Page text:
The company also has partnered with design firm IDEO, answer-engine maker WolframAlpha, branding firm the Fuseproject, the Singularity University, as well as USC’s Center for Body Computing.

A Race to Benefit Humankind

In the interview, Dr. Saxon explained how she viewed the Tricorder X Prize, which was launched this January, as an important part of the wireless landscape moving forward and its ability to foster friendly competition. At present, there are approximately 143 firms that are preregistered worldwide competing for the $10-million prize. According to the X Prize website, the winner of the award "will be the team that most accurately diagnoses a set of diseases independent of a healthcare professional or facility and that provides the best consumer user experience." The prize will be awarded in July 2015. 

The amount of human progress over the course of the last 100 years that has been inspired by competition is remarkable. To name but a few examples, there is the moonlanding, Lindberg’s flight across the Atlantic, the voyages to the North and South Poles, and the sequencing of the human genome.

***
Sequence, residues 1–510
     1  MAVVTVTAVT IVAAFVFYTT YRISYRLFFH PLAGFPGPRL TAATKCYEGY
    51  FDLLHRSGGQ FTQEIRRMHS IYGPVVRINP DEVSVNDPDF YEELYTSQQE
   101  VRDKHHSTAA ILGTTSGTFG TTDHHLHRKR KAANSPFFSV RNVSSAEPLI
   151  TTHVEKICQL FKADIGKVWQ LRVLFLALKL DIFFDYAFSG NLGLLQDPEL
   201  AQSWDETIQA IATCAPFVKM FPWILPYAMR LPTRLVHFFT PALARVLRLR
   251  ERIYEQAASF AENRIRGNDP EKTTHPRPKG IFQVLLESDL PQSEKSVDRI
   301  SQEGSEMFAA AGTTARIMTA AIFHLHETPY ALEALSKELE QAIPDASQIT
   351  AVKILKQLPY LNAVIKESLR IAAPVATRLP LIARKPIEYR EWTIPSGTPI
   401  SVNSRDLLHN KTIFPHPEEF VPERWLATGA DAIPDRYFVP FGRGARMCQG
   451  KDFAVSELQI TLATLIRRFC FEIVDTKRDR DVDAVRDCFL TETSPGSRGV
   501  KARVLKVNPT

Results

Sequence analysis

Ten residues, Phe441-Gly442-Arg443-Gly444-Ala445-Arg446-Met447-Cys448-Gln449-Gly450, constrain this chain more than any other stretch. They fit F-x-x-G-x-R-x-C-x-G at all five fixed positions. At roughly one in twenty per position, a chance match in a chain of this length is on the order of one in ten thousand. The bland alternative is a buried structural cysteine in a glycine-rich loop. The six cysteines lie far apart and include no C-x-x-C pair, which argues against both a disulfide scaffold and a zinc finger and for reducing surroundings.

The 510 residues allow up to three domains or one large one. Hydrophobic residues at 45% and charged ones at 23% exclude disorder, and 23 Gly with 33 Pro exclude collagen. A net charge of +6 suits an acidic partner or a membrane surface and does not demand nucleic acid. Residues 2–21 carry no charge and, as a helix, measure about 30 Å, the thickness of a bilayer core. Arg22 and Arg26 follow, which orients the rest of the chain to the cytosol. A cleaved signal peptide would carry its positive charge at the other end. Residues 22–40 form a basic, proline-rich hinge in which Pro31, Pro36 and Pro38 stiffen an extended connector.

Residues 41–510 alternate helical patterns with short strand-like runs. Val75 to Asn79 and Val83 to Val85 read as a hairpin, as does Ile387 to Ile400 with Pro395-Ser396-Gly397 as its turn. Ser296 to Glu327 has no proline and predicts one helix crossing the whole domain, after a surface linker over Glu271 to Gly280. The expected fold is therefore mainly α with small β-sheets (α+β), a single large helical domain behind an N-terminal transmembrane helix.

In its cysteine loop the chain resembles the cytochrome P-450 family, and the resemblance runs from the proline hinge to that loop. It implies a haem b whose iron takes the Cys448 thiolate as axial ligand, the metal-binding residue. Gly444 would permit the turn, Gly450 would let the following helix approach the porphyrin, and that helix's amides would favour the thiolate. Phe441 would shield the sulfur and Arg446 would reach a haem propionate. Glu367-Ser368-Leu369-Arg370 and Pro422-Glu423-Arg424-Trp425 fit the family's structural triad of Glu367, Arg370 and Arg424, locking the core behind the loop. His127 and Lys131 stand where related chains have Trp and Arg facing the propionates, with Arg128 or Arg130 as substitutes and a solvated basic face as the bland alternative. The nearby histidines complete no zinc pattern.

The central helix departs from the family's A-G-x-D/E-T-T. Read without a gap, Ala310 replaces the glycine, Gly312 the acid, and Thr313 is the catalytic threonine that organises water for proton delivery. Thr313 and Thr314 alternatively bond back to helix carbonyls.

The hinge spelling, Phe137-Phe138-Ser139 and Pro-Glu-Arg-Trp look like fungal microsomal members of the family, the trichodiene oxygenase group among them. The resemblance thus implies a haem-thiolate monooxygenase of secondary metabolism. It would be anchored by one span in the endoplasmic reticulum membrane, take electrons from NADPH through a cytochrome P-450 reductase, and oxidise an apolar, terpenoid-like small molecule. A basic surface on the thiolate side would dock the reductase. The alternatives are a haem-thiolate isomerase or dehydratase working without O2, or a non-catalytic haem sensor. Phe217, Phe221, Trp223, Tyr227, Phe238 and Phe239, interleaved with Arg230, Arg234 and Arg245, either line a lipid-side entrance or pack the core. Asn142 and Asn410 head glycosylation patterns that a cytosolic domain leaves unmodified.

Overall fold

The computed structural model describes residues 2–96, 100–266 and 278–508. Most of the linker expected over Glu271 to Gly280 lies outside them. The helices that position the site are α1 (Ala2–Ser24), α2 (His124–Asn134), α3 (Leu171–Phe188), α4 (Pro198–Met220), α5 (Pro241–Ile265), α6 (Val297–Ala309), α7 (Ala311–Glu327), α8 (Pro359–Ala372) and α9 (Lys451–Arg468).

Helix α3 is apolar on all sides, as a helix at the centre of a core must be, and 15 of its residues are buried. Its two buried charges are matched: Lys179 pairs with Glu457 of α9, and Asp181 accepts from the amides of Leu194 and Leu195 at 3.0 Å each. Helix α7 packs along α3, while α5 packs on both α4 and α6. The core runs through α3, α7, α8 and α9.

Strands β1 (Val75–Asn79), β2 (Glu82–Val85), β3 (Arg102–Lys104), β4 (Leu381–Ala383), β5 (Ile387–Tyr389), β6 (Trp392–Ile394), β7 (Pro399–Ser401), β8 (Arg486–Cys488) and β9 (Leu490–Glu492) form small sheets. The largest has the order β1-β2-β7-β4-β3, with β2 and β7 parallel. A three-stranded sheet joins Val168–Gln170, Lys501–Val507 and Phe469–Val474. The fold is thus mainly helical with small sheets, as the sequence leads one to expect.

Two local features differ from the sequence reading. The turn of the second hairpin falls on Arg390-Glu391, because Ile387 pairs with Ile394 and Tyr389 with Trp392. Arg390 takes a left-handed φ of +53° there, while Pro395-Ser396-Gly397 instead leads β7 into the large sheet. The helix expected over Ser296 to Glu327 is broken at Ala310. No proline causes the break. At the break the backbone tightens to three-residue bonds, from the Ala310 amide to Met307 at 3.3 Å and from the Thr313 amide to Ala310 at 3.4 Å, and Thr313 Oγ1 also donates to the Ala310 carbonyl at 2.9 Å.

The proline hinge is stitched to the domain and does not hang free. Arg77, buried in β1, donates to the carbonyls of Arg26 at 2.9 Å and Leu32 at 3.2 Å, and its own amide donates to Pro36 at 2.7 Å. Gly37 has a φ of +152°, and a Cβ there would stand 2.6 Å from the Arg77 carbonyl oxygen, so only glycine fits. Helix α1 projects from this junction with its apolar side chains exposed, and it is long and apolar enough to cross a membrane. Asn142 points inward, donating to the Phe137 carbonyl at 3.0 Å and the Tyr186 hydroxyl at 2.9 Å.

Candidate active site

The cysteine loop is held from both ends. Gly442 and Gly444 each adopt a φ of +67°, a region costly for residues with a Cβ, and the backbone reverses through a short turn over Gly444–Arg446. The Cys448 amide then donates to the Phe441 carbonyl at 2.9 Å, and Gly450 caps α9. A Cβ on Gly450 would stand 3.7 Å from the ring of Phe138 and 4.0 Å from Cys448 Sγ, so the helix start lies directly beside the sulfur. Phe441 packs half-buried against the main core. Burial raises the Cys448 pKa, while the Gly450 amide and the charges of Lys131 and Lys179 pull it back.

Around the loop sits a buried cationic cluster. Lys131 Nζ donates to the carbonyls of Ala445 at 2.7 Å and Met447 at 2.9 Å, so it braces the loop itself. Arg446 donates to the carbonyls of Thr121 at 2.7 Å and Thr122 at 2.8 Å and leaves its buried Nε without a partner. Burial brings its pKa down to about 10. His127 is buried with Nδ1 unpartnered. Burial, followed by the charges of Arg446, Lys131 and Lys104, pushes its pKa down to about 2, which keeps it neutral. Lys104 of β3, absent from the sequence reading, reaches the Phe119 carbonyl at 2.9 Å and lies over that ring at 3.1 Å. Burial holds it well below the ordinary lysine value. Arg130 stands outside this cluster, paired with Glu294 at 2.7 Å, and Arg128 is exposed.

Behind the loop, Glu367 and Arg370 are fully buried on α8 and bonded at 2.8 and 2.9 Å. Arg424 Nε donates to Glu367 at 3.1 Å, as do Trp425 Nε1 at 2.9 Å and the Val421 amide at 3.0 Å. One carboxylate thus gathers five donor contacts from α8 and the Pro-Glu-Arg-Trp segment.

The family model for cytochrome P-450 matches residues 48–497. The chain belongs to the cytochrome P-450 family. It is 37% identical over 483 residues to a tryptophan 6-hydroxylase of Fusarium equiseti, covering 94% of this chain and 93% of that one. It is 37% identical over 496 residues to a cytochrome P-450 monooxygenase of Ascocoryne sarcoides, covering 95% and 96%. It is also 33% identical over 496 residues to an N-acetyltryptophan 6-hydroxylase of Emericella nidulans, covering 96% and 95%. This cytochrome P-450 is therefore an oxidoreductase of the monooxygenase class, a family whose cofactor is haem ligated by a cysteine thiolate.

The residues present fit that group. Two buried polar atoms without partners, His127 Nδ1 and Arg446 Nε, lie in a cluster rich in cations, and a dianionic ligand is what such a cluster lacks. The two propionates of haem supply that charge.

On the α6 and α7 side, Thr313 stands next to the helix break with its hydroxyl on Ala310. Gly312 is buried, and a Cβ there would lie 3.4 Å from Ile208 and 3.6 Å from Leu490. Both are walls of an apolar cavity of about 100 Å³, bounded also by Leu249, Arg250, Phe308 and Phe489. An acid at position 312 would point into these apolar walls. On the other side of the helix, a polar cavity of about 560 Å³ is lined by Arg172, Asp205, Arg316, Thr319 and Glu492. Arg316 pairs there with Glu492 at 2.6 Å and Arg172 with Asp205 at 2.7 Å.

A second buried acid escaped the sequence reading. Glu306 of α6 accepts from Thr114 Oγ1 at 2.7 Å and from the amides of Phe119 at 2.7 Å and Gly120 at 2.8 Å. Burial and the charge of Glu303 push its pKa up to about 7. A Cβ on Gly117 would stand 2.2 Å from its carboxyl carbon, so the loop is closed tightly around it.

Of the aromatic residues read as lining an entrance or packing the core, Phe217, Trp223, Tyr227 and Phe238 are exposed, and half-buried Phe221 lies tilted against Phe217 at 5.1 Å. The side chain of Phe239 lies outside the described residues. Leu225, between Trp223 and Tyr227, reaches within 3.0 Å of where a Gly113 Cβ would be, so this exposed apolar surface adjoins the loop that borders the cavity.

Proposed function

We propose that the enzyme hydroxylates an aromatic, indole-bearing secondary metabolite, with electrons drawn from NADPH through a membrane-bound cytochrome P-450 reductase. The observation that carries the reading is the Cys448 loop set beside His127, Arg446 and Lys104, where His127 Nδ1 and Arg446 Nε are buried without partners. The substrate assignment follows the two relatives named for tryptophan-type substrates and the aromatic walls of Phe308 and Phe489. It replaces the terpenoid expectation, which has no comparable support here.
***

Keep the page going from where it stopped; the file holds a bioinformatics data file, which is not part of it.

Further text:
The X Prize is helping working in a similar manner to accelerate the rate of technological progress. “[The X Prize Foundation] were the first movers, the first responders to an unmet need,” De Brouwer said. “For me, the Tricorder X Prize was very important [...]. But now people that are 20, 25, and 30, now suddenly know what the tricorder is,” he explained. “This concept, which was a part of fiction, has become a reality. And people now know and they are waiting because they know it is in the making.”

De Brouwer has no doubts that the tricorder will become a real device in the relatively near future. “The stakes are so high, if this object of desire is created, everyone will buy it.” Developing it, however, will come with at a steep price. He expects the costs to be at least in the order of $100 million.

Last year, De Brouwer gave the above talk at TEDx, in which he describes his prescription for the healthcare system. In the talk, he says: “Our doctors have become drug dealers." They ask patients questions like: "What did I give you last time?" And "did you like it?"